Lana Bambini is a family-run business offering high quality clothing for children which is all made from lovely natural – and mostly organic – fibres which are either unbleached and undyed or coloured with completely safe GOTS (Global Organic Textiles Standard) approved dyes.
Tell us about yourself – familial/personal story, education, and prior work.
I’m originally from NZ, married to an Italian and have one daughter. I’ve lived in my adopted home in the UK for the past 13 years and spent many of my previous years living and working on boats from small cruising yachts to huge luxury ‘super yachts’.
How did you get interested in ethical and sustainable fashion?
I prefer the term ‘clothing’ to ‘fashion’. Fashion implies everything that’s wrong with the garment industry, where the seductiveness of cheap throwaway clothing has completely taken over any interest in the quality or longevity of what we buy; and caused the near-extinction of the skills such as weaving, spinning, and sewing in the developed world.
I started to feel something was terribly wrong when I realised that I could buy a dress for barely more than the price of a coffee. A Greenpeace report on toxic chemicals found in clothing was the inspiration to start Lana Bambini.
How did your educational/professional experience inform fashion work?
None whatsoever. It was simply deep concern about the heavy use of pesticides and toxic chemicals by the textiles industry, oppressive conditions for workers and the throwaway culture that sees landfills bursting with unwanted clothing. We just wanted to offer consumers safe and ethical alternatives.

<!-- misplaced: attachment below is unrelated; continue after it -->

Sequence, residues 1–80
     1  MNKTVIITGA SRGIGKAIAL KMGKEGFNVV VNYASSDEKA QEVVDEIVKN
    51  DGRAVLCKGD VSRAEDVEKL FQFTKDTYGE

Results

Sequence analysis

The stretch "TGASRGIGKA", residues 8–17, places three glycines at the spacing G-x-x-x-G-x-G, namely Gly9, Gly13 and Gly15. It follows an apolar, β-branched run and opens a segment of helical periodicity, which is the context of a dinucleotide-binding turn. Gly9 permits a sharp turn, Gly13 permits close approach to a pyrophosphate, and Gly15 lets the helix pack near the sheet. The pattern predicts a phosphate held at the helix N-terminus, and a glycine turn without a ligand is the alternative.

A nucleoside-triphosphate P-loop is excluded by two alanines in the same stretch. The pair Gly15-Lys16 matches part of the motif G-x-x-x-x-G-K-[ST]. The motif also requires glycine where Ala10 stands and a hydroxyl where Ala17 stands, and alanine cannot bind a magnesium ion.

What is the importance of ethical and sustainable fashion designers and companies?
Genuinely ethical companies are like the abolitionists of the 19th century. We’re all trying to end slavery, bonded labor, abuse and exploitation in the garment industry.
There are more enslaved people now than at any point in history and many of them employed making clothing. Choosing to work in ethical clothing means working with much lower margins and a smaller customer base so it’s very much a radical position to take in terms of business.
Who is a personal hero or heroine within the ethical and sustainable fashion world for you?
Carolyn Whitwell who founded and ran the Bishopston Trading Company for 30 years. She was a pioneer.
What is Lana Bambini?
Lana Bambini is a family-run business offering high quality clothing for which is all made from natural and mostly organic fibres which are coloured with completely safe GOTS approved dyes and free from toxic chemicals.
We specialise in organic wool and on our site you will only find products that have been made in an ethical and environmentally responsible way. Our ethical policy covers human and worker’s rights, animal welfare, use of dyes and chemical inputs and environmental impact.
What are some of its feature products?
The beautiful boiled wool clothing from Disana which is ethically made in Germany from organic materials.
Lovely natural socks from Hirsch Natur in organic wool and made in a production facility that uses solar power to drive its knitting machines.
GOTS certified accessories by Bauer of Germany
What is your customer base – the demographics?